Glen, I believe that good judgment comes from experience, and experience comes from bad judgment. What do you think? (An inquiry from a reader of my blog and book.)
Response: Humbly and respectfully, I believe this can certainly be quite true – you make an important point. Mistakes, as long as we do not get lost in a purgatory of making the same ones over and over, are lessons we need to learn. This may seem quite obvious, yet it must not be so obvious, e.g., this outlook rarely seems to be addressed.
In the ages-old wellness arts/philosophy that I teach, coach, and endeavor to follow, we say that it is ALSO so very much about learning to mindfully embrace opportunities in which we can do the right thing for the right sake…without the need for selfish recognition and hidden agendas (and doing so in an appreciative spirit, e.g., knowing that there is ALWAYS room for improvement). This healthful outlook can provoke realization of greater and greater levels of objective (less and less blemished) insight and critical thinking skills (connecting-of-the-healthful-dots/’pattern literacy).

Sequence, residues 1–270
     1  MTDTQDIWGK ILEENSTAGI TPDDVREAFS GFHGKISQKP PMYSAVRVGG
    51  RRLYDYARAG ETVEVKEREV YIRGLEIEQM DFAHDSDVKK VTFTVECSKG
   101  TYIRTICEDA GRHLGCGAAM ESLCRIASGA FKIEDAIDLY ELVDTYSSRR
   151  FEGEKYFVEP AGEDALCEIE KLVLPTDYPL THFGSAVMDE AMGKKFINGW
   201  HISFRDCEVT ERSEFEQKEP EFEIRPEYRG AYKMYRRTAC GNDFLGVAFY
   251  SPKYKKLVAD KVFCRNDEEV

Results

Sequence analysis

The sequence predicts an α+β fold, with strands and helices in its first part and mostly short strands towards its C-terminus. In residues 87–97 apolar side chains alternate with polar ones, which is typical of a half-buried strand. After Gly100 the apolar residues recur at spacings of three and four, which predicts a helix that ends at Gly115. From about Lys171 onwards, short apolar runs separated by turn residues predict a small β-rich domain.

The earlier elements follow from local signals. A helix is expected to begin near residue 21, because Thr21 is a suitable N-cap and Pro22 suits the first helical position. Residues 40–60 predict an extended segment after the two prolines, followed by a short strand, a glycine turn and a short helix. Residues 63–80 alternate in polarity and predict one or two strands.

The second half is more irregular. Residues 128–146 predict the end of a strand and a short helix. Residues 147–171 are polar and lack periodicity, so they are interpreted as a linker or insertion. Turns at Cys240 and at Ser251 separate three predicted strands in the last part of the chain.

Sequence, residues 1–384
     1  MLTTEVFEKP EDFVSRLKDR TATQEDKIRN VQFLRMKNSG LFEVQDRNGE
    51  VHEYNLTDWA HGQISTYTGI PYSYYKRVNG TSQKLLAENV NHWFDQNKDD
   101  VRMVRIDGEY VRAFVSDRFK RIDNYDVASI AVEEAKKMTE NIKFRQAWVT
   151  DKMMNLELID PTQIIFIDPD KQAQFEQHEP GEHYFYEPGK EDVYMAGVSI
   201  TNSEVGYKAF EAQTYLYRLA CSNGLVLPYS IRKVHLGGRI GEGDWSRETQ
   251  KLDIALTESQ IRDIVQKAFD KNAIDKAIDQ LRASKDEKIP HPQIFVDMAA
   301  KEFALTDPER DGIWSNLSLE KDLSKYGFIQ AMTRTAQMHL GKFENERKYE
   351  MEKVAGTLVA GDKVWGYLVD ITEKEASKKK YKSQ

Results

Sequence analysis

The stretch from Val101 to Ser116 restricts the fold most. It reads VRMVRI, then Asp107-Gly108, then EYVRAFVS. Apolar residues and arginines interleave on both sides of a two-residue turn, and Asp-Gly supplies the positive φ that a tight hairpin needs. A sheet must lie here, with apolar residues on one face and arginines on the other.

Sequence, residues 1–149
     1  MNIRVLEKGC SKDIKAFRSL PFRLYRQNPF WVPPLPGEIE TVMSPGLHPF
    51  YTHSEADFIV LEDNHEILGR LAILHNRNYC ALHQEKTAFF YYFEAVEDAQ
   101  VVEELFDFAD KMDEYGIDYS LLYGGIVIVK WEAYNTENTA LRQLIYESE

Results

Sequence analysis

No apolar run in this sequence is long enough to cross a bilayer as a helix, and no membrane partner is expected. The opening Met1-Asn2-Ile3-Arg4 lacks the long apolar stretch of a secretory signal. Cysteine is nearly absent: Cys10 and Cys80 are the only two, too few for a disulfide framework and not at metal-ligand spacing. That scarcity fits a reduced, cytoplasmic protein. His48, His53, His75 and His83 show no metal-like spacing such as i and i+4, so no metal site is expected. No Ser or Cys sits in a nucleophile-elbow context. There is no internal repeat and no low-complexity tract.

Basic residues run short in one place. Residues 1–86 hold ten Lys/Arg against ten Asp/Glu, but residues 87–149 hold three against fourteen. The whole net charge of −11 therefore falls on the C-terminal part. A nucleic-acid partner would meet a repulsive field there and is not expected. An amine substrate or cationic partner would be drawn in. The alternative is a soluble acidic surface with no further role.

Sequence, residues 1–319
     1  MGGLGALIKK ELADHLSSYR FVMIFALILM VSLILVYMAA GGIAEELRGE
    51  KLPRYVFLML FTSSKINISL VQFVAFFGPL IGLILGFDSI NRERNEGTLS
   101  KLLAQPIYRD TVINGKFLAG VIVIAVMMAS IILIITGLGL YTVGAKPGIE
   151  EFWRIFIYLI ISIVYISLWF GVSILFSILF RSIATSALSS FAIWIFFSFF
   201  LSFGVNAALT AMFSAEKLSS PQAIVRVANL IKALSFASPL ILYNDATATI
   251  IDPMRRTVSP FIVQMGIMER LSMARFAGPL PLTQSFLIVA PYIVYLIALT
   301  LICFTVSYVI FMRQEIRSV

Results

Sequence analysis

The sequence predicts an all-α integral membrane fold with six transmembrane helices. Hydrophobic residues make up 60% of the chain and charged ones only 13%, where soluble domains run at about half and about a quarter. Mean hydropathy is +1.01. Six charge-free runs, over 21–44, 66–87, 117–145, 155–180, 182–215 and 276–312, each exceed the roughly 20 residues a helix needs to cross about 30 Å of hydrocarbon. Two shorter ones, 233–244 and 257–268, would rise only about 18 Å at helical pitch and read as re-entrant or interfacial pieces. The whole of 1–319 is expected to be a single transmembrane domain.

Ideally, it can be in learning to live life as a living loving art, in the splendidly healthful spirit of ‘true appreciation’ and ‘true honesty.’ We say that, “if there is a Heaven, if there is a ‘key to the universe,’ they are rooted in ‘true honesty,’ promoting of ‘true happiness’ and ‘true freedom’…needing less and less to hide behind.” — Dr. Glen Hepker
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